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Archive for October, 2009

Film Noir Classics From the BFI On 11/16/09

Saturday, October 31st, 2009

Film Noir Classics

Bringing together four all-time classic titles from two of the world’s most celebrated directors, this essential BFI box set, in collaboration with Twentieth Century Fox Home Entertainment, delivers that unique combination of intrigue, moral ambiguity and stylish black and white photography which truly defines this much loved Hollywood genre.

Fallen Angel (Otto Preminger, 1945)
Eric Stanton (Dana Andrews) is a down-on-his-luck press agent who falls for the beautiful Stella (Linda Darnell). When Stella is found murdered, Eric becomes the main suspect. Using his investigative instincts to find the real murderer, Eric soon makes a shocking discovery. Extra feature: Original theatrical trailer and on screen biographies.

Whirlpool (Otto Preminger, 1949)
Ann Sutton (Gene Tierney) is the well-dressed wife of a successful psychoanalyst (Richard Conte). When she is arrested for shoplifting, the scandal is averted by the intervention of a sinister hypnotist (José Ferrer). However, Ann soon finds herself caught up in a web of blackmail and murder. Extra feature: On screen biographies.

Night and the City (Jules Dassin, 1950)
Harry Fabian (Richard Widmark), a small-time American nightclub tout, dreams of entering the wrestling rackets of post-war London. Scheming with his long-suffering girlfriend (Gene Tierney) and the sultry wife of a nightclub owner (Googie Withers), he attempts to take on the racketeers.  Extras features: Interview with Jules Dassin, commentary by Paul Duncan and comparison of the US and UK versions.

Where the Sidewalk Ends (Otto Preminger, 1950)
Mark Dixon (Dana Andrews) is a brutal cop whose harsh methods get him in trouble with his superiors. When he accidentally kills a murder suspect he knows he is finished if he’s discovered. He decides to dispose of the body and pin the murder on someone else. Soon he will pay the ultimate price. Extra feature: Original theatrical trailer and on screen biographies.

This set includes an illustrated booklet with essays, cast and credits.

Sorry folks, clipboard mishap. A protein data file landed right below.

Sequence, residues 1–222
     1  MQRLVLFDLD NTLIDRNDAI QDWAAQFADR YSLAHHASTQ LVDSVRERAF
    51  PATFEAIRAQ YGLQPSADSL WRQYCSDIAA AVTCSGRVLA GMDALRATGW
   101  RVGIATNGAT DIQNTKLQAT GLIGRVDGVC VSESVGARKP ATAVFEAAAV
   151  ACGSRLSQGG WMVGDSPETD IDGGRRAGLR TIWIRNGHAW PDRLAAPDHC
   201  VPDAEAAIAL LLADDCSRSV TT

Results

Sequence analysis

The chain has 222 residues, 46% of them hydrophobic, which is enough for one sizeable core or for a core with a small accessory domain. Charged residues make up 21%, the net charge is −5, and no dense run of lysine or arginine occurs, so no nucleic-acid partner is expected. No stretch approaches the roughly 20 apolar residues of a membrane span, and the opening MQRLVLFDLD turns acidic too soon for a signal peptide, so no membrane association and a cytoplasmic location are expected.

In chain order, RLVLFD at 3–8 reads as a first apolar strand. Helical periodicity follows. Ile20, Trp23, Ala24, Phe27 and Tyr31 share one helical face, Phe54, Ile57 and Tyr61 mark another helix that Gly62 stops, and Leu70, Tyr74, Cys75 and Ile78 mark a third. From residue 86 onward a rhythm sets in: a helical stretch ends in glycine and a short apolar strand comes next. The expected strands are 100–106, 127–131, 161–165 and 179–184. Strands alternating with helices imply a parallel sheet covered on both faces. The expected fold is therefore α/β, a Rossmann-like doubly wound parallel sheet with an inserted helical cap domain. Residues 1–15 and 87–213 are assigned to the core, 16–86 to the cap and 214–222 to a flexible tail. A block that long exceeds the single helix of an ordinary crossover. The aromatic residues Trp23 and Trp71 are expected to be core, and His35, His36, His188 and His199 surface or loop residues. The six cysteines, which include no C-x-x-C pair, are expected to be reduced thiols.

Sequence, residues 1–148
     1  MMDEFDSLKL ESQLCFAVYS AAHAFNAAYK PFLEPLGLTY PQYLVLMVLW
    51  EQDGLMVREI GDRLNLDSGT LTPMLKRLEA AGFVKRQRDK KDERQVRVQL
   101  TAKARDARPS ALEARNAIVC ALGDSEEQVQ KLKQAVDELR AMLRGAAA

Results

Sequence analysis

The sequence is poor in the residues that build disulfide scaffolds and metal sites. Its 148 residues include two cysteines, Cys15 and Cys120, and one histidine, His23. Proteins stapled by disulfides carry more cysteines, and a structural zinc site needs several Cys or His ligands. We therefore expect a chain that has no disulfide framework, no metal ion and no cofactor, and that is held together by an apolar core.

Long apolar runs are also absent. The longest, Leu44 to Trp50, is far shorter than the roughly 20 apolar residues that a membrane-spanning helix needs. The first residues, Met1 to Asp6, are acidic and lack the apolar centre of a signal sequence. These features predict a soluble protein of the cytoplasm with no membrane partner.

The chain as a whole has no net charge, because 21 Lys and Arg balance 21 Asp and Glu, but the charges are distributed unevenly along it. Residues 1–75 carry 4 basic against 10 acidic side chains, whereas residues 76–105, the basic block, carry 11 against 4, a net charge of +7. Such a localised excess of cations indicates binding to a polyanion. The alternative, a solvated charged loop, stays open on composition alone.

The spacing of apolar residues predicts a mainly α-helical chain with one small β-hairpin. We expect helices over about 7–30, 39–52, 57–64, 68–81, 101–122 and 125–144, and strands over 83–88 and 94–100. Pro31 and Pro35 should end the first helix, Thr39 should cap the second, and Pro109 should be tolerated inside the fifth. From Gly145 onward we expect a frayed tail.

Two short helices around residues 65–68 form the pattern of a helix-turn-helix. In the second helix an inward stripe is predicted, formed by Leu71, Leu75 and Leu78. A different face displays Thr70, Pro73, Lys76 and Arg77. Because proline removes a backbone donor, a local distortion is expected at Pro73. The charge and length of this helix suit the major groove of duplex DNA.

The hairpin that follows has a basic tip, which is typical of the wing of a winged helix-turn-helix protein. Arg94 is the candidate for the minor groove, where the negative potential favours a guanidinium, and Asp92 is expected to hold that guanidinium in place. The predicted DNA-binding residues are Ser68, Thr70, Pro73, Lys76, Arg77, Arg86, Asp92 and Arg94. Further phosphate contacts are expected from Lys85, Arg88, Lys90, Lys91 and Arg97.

Release date: 16 November 2009
RRP: £29.99 / cat. no. BFIVD870 / cert 12 / 4 discs
Fallen Angel: USA / b&w / 98 mins / Original aspect ratio 1.33:1
Whirlpool: USA / b&w / 93 mins / Original aspect ratio 1.33:1
Night and the City: UK / b&w / 92 mins / Original aspect ratio 1.33:1
Where the Sidewalk Ends: USA / b&w / 91 mins / Original aspect ratio 1.33:1


The Sadist With Red Teeth and Forbidden Paris from Mondo Macabro in 2010!

Tuesday, October 27th, 2009

DOWN TERRACE, Mondo Macabro’s second original feature film, has just won two major film festival awards! 

It won the “Next Wave” award for Best Film at Austin’s famed Fantastic Fest, and less than two weeks later we won “Best U.K. Independent Feature” at the prestigious Raindance Film Festival back home in the U.K.  They’re talking to distributors and are in the process of submitting DOWN TERRACE to numerous other festivals around the world, so keep your eyes and ears peeled for the film that Cinematical calls “a fantastic film”!

Mondo Macabro also wants you to know about their first release of 2010, a double feature disc of Jean-Louis Van Belle’s lost vampire opus THE SADIST WITH RED TEETH and FORBIDDEN PARIS!  Mr. Van Belle is participating with these releases and has recorded an interview for the DVD, in addition to approving the transfer.  This release is currently scheduled for February, and we’ll have more information ready for you before year’s end – as soon as Mondo Macabro provides it!

The BFI presents The Terence Davies Collection on 11/16/09

Tuesday, October 27th, 2009

Terence Davies Collection

Considered by many to be Britain’s most gifted and remarkable filmmaker, Terence Davies’ visually stunning, intensely personal films have impressed audiences the world over and seen him proclaimed by critics as one of contemporary cinema’s true poets. 

Collected together for the first time in one DVD set, along with extra features and a booklet of essays, are The Terence Davies Trilogy (1976-1983), Distant Voices, Still Lives (1988), The Long Day Closes (1992) and Of Time and the City (2008).

The Terence Davies Trilogy with special features
These three semi-autobiographical short films follow the journey of Robert Tucker, first seen as a hangdog child in Children, then as a hollow-eyed middle-aged man in Madonna and Child, and finally as a decrepit old man in Death and Transfiguration. Dreamlike and profoundly moving.
•Feature commentary by Terence Davies
•Filmed interview with Terence Davies

Distant Voices, Still Lives with special features